Last December, Gil Parker Payne spotted a Muslim woman wearing a hijab on a Southwest Airlines flight from Chicago to Albuquerque, New Mexico.
Payne, who was seated several rows behind the woman, walked up the aisle towards her while the plane was still in flight, stopped next to her seat, and said, “Take it off! This is America!” When she didn’t follow his orders, he proceeded to pull her hijab all the way off, leaving the woman’s head exposed.
On Friday, the 37-year-old man from Gastonia, North Carolina, plead guilty in the District of New Mexico one count of “using force or threat of force to intentionally obstruct a Muslim woman … in the free exercise of her religious beliefs.”
There has been a spike of Islamophobia recently, particularly in the wake of the ISIS attacks in Paris last November and in Brussels this spring. The presumptive Republican presidential nominee Donald Trump has even called for a ban on all Muslims entering the United States, although he now says that is just a “suggestion.”
Traveling is a particular source of anxiety for Muslims, because there is so much racial profiling from TSA agents, airline employees, and, in the case of Payne, fellow passengers. Last month, a man was removed from a Southwest airplane for speaking Arabic. Last week, an Ivy League economist was interrogated and racially profiled for doing math on an American Airlines flight.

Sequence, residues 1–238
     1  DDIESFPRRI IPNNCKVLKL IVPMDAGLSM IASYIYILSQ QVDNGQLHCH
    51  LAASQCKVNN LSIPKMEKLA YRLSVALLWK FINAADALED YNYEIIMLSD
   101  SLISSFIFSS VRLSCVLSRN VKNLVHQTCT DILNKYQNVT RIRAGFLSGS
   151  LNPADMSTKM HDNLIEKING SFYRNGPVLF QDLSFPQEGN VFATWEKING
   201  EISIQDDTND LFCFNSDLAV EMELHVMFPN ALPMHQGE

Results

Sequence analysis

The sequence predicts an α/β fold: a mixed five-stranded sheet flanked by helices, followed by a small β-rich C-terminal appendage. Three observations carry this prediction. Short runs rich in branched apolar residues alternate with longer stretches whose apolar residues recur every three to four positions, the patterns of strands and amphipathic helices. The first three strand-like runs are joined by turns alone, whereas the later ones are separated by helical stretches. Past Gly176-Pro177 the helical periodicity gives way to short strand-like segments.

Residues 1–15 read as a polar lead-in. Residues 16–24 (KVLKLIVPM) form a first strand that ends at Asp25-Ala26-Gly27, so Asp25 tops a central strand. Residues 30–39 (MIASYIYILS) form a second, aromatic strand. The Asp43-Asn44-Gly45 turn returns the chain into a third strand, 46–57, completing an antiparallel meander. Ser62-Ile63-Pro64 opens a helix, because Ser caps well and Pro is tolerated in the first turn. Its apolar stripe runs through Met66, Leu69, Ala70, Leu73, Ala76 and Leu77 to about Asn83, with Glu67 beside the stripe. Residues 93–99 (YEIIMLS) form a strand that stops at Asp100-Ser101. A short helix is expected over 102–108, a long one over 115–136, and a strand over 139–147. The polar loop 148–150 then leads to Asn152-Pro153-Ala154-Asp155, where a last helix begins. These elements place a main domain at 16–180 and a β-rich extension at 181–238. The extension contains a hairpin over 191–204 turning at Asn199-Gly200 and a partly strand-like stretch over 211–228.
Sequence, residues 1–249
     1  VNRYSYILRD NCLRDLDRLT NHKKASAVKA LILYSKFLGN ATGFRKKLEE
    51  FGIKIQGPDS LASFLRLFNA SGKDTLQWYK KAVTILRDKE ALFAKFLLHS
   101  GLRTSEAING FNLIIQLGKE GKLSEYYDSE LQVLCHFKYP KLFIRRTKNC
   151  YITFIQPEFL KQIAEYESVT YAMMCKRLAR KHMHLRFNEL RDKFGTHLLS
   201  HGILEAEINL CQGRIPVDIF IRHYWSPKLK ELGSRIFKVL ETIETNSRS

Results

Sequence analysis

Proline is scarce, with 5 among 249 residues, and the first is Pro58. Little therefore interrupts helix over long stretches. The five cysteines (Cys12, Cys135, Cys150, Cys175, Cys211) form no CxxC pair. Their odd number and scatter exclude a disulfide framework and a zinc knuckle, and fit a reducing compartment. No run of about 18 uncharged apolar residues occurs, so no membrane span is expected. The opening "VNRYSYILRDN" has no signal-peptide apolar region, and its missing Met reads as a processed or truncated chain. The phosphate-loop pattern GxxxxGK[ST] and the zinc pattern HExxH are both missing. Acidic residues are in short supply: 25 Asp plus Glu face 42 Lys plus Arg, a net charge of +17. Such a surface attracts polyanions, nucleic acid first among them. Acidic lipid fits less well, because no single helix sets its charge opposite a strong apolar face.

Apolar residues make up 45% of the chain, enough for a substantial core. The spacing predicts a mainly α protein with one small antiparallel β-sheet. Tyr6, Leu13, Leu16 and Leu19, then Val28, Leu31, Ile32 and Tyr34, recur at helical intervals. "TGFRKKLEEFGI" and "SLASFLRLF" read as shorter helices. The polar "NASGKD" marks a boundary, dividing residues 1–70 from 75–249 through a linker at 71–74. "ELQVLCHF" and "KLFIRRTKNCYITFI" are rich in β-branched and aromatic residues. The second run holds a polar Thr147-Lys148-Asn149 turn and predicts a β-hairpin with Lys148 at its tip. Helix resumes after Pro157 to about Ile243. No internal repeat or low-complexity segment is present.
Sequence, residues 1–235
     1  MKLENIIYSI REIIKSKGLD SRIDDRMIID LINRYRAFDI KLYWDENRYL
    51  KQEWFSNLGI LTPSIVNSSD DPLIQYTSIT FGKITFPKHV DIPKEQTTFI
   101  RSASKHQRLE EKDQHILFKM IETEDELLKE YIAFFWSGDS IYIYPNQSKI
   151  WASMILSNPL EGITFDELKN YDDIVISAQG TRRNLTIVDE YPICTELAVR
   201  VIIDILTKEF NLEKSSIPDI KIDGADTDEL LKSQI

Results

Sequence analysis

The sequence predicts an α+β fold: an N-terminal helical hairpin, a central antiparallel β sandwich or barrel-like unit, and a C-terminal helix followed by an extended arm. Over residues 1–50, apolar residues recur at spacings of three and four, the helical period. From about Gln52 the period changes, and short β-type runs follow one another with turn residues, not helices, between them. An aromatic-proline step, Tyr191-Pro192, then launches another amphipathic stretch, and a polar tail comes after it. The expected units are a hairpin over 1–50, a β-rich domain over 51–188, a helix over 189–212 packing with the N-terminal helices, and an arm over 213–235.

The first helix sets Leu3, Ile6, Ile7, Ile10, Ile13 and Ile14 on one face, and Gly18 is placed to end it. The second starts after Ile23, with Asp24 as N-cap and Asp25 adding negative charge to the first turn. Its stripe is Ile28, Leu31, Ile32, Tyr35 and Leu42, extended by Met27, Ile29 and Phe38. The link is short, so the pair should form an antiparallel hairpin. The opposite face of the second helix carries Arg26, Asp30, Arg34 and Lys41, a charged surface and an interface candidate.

A sentence hearing has not been set for Payne yet.
“No matter one’s faith, all Americans are entitled to peacefully exercise their religious beliefs free from discrimination and violence,” said Principal Deputy Assistant Attorney General Vanita Gupta, head of the Justice Department’s Civil Rights Division. “Using or threatening force against individuals because of their religion is an affront to the fundamental values of this nation, and the Civil Rights Division will continue to be vigilant in protecting the religious liberties guaranteed to all Americans.”
“This prosecution sends a clear message to anyone who contemplates the use of threats or intimidation to interfere with the right of individuals, including members of our Muslim community, to express their faith without fear,” said U.S. Attorney Damon P. Martinez of the District of New Mexico. “The U.S. Attorney’s Office is committed to protecting the religious rights of Muslims in New Mexico by aggressively prosecuting those who wish to perpetrate hate crimes against them.”